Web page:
Finding the time and resources to take full advantage of these powerful new computer tools remains a serious issue. For this reason, it is essential that dentists find the right technology partner to help them navigate these unknown waters. As with any technology, the product is only a small part of the purchase. The support and the people behind the product - that is, the connectivity among dentists and dental technology companies - ultimately will allow dentists to obtain the best combination of products and services available and have more time to connect with their profession and their patients.
Dentistry and the Internet
In addition to email capabilities, dentists can take further advantage of the Internet as a communication tool for sending patients reminders and practice news. Dynamic, customizable electronic newsletters are available via the Internet with interactive linking capabilities that can direct patients to a variety of services and educational and oral health resources at virtually insignificant cost to the dentist when compared with printing and mailing patient newsletters.
By building a Web site for a dental practice and submitting information about the dental practice to search engines such as Yahoo!, Excite, Lycos, and Google, and the digital Yellow Pages, dentists can turn the Internet into a valuable marketing tool.
The Internet also provides a powerful research tool. Dental professionals can access a number of journals, periodicals, suppliers and other sites for learning about case studies, sharing ideas with other dental specialists and gathering basic patient information.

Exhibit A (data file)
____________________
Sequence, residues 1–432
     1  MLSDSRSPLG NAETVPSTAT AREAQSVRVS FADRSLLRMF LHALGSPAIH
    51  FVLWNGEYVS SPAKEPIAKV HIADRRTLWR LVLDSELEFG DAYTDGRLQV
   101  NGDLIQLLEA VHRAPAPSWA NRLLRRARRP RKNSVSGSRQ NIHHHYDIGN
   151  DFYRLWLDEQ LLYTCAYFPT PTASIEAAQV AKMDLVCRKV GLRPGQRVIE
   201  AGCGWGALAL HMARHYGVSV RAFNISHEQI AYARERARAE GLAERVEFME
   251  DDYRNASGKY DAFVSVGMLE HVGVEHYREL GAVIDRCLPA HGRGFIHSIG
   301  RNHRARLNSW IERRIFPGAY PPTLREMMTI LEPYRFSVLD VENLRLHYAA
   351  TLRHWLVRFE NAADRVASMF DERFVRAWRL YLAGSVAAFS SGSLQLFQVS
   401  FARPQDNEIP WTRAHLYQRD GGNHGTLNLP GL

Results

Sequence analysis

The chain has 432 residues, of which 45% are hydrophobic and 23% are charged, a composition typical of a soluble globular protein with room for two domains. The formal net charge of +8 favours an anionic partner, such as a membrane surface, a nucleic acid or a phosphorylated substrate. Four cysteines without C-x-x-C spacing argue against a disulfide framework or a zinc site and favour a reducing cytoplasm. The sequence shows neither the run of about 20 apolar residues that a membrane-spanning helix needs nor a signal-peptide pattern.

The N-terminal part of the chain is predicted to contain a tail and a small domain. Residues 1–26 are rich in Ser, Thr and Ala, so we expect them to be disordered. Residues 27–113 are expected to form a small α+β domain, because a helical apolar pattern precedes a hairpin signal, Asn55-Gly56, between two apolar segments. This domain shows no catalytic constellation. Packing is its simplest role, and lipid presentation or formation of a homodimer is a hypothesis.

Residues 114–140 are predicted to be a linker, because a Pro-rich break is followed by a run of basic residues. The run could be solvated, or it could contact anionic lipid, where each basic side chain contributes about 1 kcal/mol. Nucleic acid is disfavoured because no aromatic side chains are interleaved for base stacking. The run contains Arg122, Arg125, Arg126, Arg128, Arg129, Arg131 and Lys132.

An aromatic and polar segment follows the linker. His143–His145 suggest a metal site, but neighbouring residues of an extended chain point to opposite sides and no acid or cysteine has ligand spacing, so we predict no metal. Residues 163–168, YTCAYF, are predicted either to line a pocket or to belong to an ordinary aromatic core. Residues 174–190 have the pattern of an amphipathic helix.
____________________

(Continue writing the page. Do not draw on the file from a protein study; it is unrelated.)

For patients, the Internet provides access to information about clinical procedures and maintaining oral health, adding value to the care provided by professionals. However, dentists need to direct patients to quality Web sites with accurate information to ensure they access the appropriate educational tools.
From a practice management standpoint, the ability to share patient records with other dental professionals such as dental specialists and other generalists is paramount. Transferring patient records via email to referral partners is not ideal because of its vulnerability to viruses, limited attachment size, lack of security and privacy (even if encrypted), and because it's not interactive. It is more desirable to use a secure Internet server, such as an Application Service Provider (ASP), which is a type of system that stores the information on the Internet.
Some dental schools are beginning to incorporate using X-rays, charting, laboratory prescriptions, and other documents on the Internet instead of manually moving records from one department to another. This solution to enhancing efficiency is a low-cost investment compared with purchasing, installing, and learning an entire computer system. The transfer of files and patient records from one office to another, or from offices to insurance carriers, will likely become one of the dental industry's most essential uses for the Internet.
The dental profession has only scratched the surface in terms of capitalizing on the Internet's possibilities.